5 Common Pumping Dangers To Know Before Hooking Up

When you're a breastfeeding mom, you spend a ridiculous amount of time at your baby's beck and call. It's hard to avoid when your boobs are both a source of food and comfort for your little one. Thankfully, breast pumps exist to give moms a break and let someone else handle that next feeding. But even though it can give them some freedom, most moms don't think of pumping as a pleasant experience. And there are actually some common dangers while pumping that moms should know about.

I personally could not have given my daughter breastmilk for the first 11 months of her life had it not been for my breast pump. My daughter was never able to nurse, and what began as a stop gap measure to try and get her some "liquid gold" while we were in the hospital eventually turned into pumping around the clock for months on end. It wasn't fun, and I did run into some of the issues listed below. But I'm so thankful I was able to pump.

Whether you're pumping because your baby won't nurse, or because you're a working mom, or because you simply need a well-deserved break from being a human milk machine/pacifier, here are five some things you should know about pumping safety.


Pumping Too Much


In the first few weeks after birth, moms are often advised not to pump too often. That's because pumping too much when your supply is still regulating can lead to an oversupply, according to Baby Center. Although having an abundance of extra milk might sound appealing, a breastmilk oversupply problem can cause painful engorgement and feeding issues with your baby, according to Belly Belly.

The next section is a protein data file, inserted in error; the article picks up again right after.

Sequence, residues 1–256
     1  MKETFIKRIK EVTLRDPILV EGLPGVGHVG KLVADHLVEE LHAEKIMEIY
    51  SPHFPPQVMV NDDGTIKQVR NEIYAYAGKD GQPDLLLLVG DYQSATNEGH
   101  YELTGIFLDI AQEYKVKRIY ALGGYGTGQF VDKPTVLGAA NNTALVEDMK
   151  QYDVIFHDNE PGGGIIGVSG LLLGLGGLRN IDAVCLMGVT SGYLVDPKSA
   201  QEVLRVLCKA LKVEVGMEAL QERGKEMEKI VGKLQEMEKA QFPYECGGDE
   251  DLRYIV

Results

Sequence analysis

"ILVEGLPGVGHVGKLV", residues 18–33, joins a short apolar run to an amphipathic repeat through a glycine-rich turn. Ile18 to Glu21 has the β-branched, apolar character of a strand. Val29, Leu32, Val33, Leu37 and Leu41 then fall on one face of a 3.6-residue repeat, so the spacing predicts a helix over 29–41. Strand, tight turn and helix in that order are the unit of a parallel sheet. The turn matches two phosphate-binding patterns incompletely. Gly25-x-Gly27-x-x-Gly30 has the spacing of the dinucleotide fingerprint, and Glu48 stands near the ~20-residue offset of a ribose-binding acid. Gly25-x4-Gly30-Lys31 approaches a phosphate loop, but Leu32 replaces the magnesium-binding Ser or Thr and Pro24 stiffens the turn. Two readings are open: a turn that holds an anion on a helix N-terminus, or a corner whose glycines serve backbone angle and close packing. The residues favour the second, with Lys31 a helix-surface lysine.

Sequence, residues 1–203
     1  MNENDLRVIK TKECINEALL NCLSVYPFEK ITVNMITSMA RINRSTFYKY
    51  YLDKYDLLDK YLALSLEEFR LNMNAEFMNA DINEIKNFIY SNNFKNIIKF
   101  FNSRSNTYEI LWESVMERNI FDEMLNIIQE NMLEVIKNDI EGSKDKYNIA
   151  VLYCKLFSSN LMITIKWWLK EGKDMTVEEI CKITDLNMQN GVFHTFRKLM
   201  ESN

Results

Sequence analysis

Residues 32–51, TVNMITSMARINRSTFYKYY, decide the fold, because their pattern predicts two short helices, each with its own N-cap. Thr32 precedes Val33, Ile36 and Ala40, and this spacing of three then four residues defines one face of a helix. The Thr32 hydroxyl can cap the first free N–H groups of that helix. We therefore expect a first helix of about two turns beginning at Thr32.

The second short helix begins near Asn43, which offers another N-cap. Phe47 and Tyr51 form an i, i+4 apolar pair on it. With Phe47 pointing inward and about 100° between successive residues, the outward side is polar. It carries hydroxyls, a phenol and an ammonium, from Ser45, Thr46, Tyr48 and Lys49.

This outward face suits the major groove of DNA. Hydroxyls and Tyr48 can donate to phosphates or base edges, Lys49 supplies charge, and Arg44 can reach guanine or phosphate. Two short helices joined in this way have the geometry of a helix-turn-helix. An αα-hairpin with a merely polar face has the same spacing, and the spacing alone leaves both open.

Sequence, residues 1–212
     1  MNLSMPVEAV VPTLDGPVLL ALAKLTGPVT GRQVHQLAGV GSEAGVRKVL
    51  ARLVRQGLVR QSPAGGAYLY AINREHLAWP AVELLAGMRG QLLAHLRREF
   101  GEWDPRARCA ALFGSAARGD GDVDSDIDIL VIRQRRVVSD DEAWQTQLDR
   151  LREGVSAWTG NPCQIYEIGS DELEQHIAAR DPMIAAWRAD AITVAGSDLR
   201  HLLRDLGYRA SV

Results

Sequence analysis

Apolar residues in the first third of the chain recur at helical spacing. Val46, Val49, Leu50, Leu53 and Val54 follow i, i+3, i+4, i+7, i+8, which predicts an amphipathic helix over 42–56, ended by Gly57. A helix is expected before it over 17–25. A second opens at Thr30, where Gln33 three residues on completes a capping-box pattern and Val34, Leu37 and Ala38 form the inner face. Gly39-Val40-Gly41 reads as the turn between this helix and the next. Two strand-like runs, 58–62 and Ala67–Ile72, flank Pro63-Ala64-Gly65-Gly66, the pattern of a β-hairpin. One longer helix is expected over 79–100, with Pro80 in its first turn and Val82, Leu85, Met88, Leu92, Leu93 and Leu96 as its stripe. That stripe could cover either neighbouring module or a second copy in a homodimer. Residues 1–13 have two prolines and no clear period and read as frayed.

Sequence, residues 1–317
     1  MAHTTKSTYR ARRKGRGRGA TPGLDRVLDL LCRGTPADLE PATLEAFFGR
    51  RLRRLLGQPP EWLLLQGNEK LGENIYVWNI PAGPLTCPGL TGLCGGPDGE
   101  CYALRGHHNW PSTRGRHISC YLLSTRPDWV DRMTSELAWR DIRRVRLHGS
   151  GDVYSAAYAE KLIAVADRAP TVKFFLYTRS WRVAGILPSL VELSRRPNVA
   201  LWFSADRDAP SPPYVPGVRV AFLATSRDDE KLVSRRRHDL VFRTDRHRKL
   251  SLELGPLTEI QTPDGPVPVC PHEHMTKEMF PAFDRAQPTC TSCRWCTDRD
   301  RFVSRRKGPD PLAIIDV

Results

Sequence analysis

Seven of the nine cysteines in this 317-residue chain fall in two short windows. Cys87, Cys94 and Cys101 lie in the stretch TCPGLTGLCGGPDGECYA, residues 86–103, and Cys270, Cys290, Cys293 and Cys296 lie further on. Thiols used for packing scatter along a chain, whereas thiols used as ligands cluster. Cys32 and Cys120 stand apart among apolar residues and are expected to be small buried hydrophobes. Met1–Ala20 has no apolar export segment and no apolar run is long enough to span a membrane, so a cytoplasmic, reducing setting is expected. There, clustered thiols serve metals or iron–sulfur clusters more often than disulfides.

Not Pumping Enough


On the flip side, not pumping enough can also be a problem. You'll need to pump when you're away from your baby to keep your supply up and to make sure your breasts don't become engorged, according to What to Expect.


Using The Wrong Settings On Your Pump


Using a breast pump involves more than just hooking it up to your boobs and hitting the on switch. There are settings to increase or decrease suction (which in my experience, can also increase or decrease your physical discomfort), and more isn't always better. Getting too much suction from a breast pump can do damage to your breasts and nipples, according to La Lech League International (LLLI).


Getting Mold In Your Pump


While I was pumping, I read so much about it and joined so many groups where fellow pumping moms shared their tips and tricks. Sometimes they also shared their horror stories, however. One of the most common complaints I'd see was from moms whose pumps had gotten mold inside them. This happened to me toward the end, despite being incredibly careful. Kelly Mom noted that there haven't been any reports of mold in breast pumps making babies sick, but it also hasn't really been studied.


Using A Used Pump


There are two different types of pumps: closed systems and open systems. In a closed system breast pump, milk will never touch the inner workings of the pump. That's not the case with an open system pump, which include many popular models. LLLI notes that if you use a used or shared breast pump, you could potentially be exposing your baby to bacteria or viruses from the other user.